Chronic Illness & Endometriosis Health

Searching for the Source: A Journey with Chronic Pain

Has someone stuck me in a time machine? I feel as though 2005 to 2010 is repeating itself, as  I am repeating the diagnostic process all over again for my chronic pain.

No one wants to believe the diagnosis in front of them, and just keeps pushing me to the next doctor. Nonetheless, the pain level keeps increasing with no relief insight, as no one knows how to explain what’s causing it.

Over the last week, I have seen different three doctors, one trip to the emergency room, one CT scan, two ultrasounds, three urine tests, and multiple blood tests. The highlight was on Friday when the nurse told me, while my husband was sitting next to me, that I would receive the results from the  STD test later that the hospital apparently automatically run, and that it would be my responsibility to inform all of my partners of the results. I looked at my husband and said “I’ll be sure to let you know.”

causespelvicpainWhen we went to the ER on Friday, the pain was beyond excruciating.  After going through my history for the umpteenth time, the doctor seemed to actually listen and take an interest in my condition. I felt relief that he believed me and was appreciative that I brought my previous test results with me. He immediately prescribed morphine and I thought that I would finally feel some relief.

The nurse came in with medication for nausea and the pain medication. And, while I felt a sudden rush of warmth after the injection, there was no relief of pain and none of the ordinary side effects associated with morphine administration. Honestly, I had morphine once before and immediately turned into a complete goofball… I felt relief… I felt relaxed and I slept. However, this time, I did not even think that the nurse gave me any medication.

After speaking with the doctor, he did give me another dosage, agreeing that my pain level may require a titrated amount, but even after the second amount only the top level of pain was relieved.

endofactsHe did suggest that my endometriosis may have returned and that a laparoscopy likely is necessary. He was so sincere and thorough in his prescribed testing that I fully appreciated the encounter even if he did not provide a diagnosis or complete relief.

Friday was spent with another doctor’s visit and more testing. I spent the majority of the day laying around taking my “break through pain-only” medication praying it would actually do something, wrapped in my heating pad, and being pampered by the husband. The gynecologist does not agree that that the endometriosis has returned, and believes the pain is more of a “gastrointestinal” issue. So, next week will be spent going to a GI specialist and potentially more testing.

I have no idea what to do at this point. Each time I go to the doctor’s I feel horrible for wishing that he finds something, but at the same time it would be a relief to have a name for what I am going through each and every day.

endodietA co-worker suggested a endometriosis diet that is similar to a gluten free/paleo type diet that is supposed to help manage the disease, and after this week I am willing to try ANYTHING!

The diet is similar to ones I’ve tried before that eliminate all inflammation causing foods. The largest issues will be mindset and advanced preparation. With planning, I will be successful. I will try this for two weeks and pay attention to how my body reacts. I was successful before when I cut out oranges after noticing the negative effects on my body, so I know I can do this… my biggest trouble will be ice cream… I LOVE ICE CREAM!!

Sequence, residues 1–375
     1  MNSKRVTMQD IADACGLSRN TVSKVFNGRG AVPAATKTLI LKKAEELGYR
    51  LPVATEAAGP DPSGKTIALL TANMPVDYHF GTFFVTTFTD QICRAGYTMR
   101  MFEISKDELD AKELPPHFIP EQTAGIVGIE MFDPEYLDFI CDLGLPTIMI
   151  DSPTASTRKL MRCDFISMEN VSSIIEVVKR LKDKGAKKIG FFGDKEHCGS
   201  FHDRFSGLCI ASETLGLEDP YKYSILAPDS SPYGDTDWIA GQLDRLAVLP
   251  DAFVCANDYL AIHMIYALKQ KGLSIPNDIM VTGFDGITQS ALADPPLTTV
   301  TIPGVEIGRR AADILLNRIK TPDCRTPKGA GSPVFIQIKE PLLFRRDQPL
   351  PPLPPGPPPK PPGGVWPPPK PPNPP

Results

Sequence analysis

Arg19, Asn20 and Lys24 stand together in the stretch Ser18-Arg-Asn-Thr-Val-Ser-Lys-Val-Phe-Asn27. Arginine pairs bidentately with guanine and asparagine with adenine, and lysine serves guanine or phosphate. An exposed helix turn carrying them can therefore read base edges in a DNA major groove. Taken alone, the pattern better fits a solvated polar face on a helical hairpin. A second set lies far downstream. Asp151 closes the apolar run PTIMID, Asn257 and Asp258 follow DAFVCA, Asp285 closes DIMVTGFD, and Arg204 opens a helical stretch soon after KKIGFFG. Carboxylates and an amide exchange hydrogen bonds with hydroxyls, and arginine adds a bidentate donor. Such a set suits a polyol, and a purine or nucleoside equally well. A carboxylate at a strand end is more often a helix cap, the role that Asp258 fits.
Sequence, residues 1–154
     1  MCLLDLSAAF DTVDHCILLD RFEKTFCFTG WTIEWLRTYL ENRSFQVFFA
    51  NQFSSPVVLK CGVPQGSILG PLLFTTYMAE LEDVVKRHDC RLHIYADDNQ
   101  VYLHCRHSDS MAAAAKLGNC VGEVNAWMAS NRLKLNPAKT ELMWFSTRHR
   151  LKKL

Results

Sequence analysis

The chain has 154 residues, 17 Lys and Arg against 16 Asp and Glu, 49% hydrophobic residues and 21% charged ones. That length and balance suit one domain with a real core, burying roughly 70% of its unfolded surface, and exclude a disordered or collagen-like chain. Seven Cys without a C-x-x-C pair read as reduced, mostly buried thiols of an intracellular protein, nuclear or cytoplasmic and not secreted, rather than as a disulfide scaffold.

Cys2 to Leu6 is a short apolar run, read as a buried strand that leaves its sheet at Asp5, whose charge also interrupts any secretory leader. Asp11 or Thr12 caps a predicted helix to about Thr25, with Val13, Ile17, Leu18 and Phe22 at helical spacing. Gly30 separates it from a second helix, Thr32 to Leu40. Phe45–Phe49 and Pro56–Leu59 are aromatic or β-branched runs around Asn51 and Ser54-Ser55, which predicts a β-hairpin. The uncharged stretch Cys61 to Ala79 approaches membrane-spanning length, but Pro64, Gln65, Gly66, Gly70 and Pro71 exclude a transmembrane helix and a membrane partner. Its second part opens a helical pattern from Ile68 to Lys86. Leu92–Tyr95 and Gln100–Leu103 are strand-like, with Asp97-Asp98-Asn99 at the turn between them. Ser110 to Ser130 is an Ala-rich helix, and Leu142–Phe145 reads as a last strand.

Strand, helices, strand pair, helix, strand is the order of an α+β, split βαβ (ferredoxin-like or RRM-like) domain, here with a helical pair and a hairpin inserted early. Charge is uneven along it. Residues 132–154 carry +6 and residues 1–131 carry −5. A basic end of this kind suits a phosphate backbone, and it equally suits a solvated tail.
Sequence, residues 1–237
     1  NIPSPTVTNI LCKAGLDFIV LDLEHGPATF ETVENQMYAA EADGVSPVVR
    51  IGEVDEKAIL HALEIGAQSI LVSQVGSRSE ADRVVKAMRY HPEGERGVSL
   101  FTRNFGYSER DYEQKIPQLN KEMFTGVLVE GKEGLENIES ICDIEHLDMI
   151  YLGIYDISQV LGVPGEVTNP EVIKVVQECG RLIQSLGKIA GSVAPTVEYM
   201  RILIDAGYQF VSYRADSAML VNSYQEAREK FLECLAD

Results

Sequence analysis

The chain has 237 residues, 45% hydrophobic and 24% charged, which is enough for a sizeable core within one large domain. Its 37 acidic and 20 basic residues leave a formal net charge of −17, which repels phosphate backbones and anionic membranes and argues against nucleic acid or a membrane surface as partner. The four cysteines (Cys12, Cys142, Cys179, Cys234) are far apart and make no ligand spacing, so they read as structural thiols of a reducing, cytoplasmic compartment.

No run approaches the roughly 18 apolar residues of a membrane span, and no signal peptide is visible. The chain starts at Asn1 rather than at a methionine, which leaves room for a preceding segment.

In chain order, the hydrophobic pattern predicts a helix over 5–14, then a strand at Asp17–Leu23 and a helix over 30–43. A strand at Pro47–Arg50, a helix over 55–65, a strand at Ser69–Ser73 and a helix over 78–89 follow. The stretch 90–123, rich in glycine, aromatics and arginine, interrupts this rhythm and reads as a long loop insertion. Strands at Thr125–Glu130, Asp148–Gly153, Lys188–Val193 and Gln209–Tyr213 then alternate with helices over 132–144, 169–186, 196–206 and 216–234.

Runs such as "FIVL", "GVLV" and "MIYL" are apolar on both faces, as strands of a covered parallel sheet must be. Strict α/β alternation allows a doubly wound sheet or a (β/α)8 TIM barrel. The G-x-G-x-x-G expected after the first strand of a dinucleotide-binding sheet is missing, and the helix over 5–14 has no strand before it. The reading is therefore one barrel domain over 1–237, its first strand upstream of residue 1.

I do want to stop having pain, though, and if this is how I can accomplish it. This is what I must do.

Have you tried an anti-inflammatory diet, or anything similar? Would you give up your favorite food(s) if it meant being pain-free?



6 Comment

  1. I’m already on a gluten free diet because I have celiac disease. I haven’t noticed that it helps any, but I haven’t gone with the full blown endo diet…not sure I would have the willpower! But I never cheat on my GF diet because the consequences are quite horrendous, given my experiences the few times I have accidentally ingested gluten.

  2. Thank you for reading, ribbonrx. I know remaining GF is tough, too, though… I have a gluten sensitivity (nowhere near celiac disease, but causes severe stomach issues) and struggle every day to avoid it. I eat frozen pizza almost every night with the husband right now, so I think he’s going to be the one who suffers the most… or benefits, depending on how you look at it ūüėČ

  3. After diagnosis of coeliac disease, healing and how long it takes to feel better on a gluten-free diet can vary. Some people feel significantly better within a few days of starting a gluten-free diet but some people may see more of a gradual improvement in their symptoms or that one symptom improves before another.

    1. Great point – while the diet is specified for endometriosis, it is very similar to a celiac diet, as it cuts out gluten and grains. The main purpose is to eliminate inflammation causing foods. Every person’s body (and gut) will respond in a different time-frame. Some may not see results for a few weeks, others may seem almost immediate results.

  4. Several factors are thought to be involved in the variable time taken for the gut to heal, including age and severity of gut damage at diagnosis. If your symptoms have not improved or have become worse since starting a gluten-free diet, speak to your GP, dietitian and or gastroenterologist who are best placed to monitor your response to the gluten-free diet.

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